Note: Sample below may appear distorted but all corresponding word document files contain proper formattingExcerpt from Essay:
U.S.-EPA consider to be hazardous waste. Are there any discrepancies in the regulations?.
The statutory regulations of the Environmental Protection Agency (EPA) designs hazardous waste as simply consisting of: a waste with a chemical composition or other properties that make it capable of causing illness, death, or some other harm to humans and other life forms when mismanaged or released into the environment (Environmental Protections Agency (EPA), 2005, p.2). The involved definition is, however, more complex than that particularly since a regulatory program structured for safe and immediate handling of hazardous waste demands a more rigid and tightly structured definition.
The Environmental Protection Agency (EPA), therefore, worked at length to create tightly controlled definitions of the term so that adherence to the Resource Conservation and Recovery Act (RCRA) should be simpler and less confusing.
CFR §262.11 of the RCRA requires that any individual generating or producing a waste must determine if that waste is hazardous and, if so, dispose of it in the correct manner.
Regulatory and Statutory Definition of Waste
There are four steps of identification in the process:
1. Is the waste a solid waste
2. Is the waste excluded?
3. Is the waste a listed hazardous waste?
4. Does it exhibit a certain characteristic? (EPA. Waste identification.)
All of these categories revolve around identification the waste. This is not always easy since something that can seem waste matter to one person (e.g. aluminum) may be defined by another (e.g. A chemist) as valuable. RCRA, therefore, uses solid waste, which pertains to solid, semisolid or liquid -- any sort of waste. However, EPA later (EPA. Hazardous waste characteristics scooping study) elaborated on this distinction because of the above problem.
More so, one may consider that certain wastes should, because of their toxic component, be immediately eliminated. However, it may be impractical or unfair to impose regulations on these same wastes. Household wastes that can contain dangerous chemicals, like solvents and pesticides, are a case in point but subjecting household wastes to the strict RCRA requirements would be impractical. For this reason, too, RCRA has to determine which hazardous wastes should fall under their regulations and a homogenous definition of hazardous wastes should be sought (Environmental Protections Agency (EPA), 2005).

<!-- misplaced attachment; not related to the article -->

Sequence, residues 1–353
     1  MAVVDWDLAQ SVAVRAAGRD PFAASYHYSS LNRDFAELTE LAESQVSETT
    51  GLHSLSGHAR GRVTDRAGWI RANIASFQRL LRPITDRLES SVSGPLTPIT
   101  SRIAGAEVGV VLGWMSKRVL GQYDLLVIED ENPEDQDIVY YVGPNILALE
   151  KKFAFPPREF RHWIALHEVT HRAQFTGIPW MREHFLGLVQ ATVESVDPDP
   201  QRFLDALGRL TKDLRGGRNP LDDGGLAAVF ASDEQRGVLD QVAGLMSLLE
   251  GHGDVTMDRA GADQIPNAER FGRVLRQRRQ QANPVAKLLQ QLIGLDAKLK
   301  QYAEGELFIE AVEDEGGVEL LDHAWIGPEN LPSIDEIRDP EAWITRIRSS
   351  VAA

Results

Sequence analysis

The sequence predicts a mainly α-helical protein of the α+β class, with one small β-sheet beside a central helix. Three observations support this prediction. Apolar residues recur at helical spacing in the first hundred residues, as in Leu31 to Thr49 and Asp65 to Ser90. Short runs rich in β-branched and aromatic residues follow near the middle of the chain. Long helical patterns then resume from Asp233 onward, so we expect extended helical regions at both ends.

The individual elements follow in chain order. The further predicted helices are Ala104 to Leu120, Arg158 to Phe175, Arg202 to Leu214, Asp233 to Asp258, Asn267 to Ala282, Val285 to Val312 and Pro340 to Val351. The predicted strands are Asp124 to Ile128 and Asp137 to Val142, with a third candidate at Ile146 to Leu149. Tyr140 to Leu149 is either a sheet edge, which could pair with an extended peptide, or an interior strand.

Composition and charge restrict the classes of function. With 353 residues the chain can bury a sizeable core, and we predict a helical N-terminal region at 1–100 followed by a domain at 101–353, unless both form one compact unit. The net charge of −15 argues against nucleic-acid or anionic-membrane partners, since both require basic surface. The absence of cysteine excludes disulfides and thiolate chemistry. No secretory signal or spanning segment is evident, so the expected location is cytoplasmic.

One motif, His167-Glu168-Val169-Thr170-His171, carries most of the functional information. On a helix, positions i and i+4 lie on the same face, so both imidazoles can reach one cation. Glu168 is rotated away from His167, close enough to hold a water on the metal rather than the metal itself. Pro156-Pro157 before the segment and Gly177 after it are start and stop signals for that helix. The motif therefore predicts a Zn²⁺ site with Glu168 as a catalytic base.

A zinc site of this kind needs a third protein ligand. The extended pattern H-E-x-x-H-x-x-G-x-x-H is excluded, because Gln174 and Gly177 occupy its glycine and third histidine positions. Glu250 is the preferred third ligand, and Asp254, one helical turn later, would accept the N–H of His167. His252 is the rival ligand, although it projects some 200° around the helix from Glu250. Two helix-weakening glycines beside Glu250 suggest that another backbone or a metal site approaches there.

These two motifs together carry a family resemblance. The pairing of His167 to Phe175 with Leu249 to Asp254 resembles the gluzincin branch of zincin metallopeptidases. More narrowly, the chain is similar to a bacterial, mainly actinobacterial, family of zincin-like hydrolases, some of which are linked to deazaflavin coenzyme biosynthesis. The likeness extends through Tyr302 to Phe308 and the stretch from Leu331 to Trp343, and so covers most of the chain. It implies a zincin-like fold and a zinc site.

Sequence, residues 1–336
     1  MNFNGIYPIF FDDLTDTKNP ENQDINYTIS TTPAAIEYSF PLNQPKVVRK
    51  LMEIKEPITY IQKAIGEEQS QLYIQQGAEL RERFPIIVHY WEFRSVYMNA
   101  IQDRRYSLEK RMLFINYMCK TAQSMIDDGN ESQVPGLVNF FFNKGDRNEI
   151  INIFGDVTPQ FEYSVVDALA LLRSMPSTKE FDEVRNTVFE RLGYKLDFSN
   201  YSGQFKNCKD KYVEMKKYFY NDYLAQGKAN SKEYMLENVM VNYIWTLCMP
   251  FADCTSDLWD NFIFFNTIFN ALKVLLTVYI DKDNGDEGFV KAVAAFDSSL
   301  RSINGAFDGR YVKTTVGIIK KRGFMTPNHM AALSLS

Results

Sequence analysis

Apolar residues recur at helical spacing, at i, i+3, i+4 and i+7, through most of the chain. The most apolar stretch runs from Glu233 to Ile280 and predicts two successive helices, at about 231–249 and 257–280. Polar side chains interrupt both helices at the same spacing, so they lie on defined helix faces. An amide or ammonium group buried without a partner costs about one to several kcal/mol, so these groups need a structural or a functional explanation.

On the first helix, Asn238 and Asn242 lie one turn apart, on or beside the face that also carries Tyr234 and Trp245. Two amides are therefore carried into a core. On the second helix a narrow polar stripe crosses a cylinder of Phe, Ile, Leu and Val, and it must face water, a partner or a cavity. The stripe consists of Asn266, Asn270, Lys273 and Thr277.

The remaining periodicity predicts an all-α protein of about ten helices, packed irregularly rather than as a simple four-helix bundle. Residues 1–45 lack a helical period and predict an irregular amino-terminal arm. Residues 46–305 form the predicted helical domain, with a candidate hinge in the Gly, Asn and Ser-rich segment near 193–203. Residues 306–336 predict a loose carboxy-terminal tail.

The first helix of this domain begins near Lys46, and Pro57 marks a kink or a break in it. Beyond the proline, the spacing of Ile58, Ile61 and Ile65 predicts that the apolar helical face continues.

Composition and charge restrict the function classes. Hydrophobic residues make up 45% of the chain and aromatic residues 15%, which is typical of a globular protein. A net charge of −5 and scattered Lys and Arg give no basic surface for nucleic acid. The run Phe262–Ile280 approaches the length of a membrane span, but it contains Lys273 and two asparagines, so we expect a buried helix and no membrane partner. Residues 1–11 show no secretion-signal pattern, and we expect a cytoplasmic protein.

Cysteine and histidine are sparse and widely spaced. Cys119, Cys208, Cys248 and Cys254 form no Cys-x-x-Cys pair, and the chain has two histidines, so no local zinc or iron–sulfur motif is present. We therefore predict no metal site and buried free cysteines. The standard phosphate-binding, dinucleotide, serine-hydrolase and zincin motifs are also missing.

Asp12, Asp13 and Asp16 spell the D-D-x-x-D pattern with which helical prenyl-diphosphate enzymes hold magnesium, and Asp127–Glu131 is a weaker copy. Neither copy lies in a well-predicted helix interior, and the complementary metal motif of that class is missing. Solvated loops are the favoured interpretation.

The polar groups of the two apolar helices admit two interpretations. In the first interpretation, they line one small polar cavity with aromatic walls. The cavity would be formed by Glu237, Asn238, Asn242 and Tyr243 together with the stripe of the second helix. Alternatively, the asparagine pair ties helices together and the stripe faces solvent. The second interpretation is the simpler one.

In very broad statutory terms, RCRA §1004(5) defines hazardous waste as:
A solid waste, or combination of solid waste, which because of its quantity, concentration, or physical, chemical, or infectious characteristics may (a) cause, or significantly contribute to, an increase in mortality or an increase in serious
irreversible, or incapacitating reversible, illness; or (b) pose a substantial present or potential hazard to human health or the environment when improperly treated, stored, transported, or disposed of, or otherwise managed (p.7)
Being an inadequate definition for the above reasons, the EPA sought to provide clearer distinctions so that waste handlers would be able to determine whether or not their wastes fall into the category of hazardous matter. It is the regulatory definition of hazardous waste -- rather than the statutory definition (in above quotation) that serves as guideline for the characteristics of hazardous waste.
EPA uses listings to determine whether wastes are hazardous, but listings can be confusing in more ways than one. Firstly, hazardous wastes are composed of an infinite diversity of chemicals all of which EPA would have to examine, one by one, to determine if their components are indeed hazardous. EPA lacks the resources to investigate this abundance of chemicals. Secondly, regulations are too general. For instance, some waste matters are defined as hazardous even though their composition under other circumstances may alter and lose their harm-inducing characteristics. By tightly constraining matter to lists, the EPA falls into the error of defining matter that is not hazardous as hazardous.
The heuristic that EPA uses to determine whether a substance is hazardous or not is via its question: "what properties or qualities can a waste have which cause that waste to be dangerous?" (EPA, 2005, p.9). For example possibility of inflammability is one characteristic that would deem a matter to be potentially dangerous. Laboratory tests are used, as far as possible, to determine existence of potentially harmful characteristics. However, testing can often be impractical (due to extensive and time and resource consuming procedures) as well as possibly dangerous to scientists concerned and, therefore, EPA…[continue]
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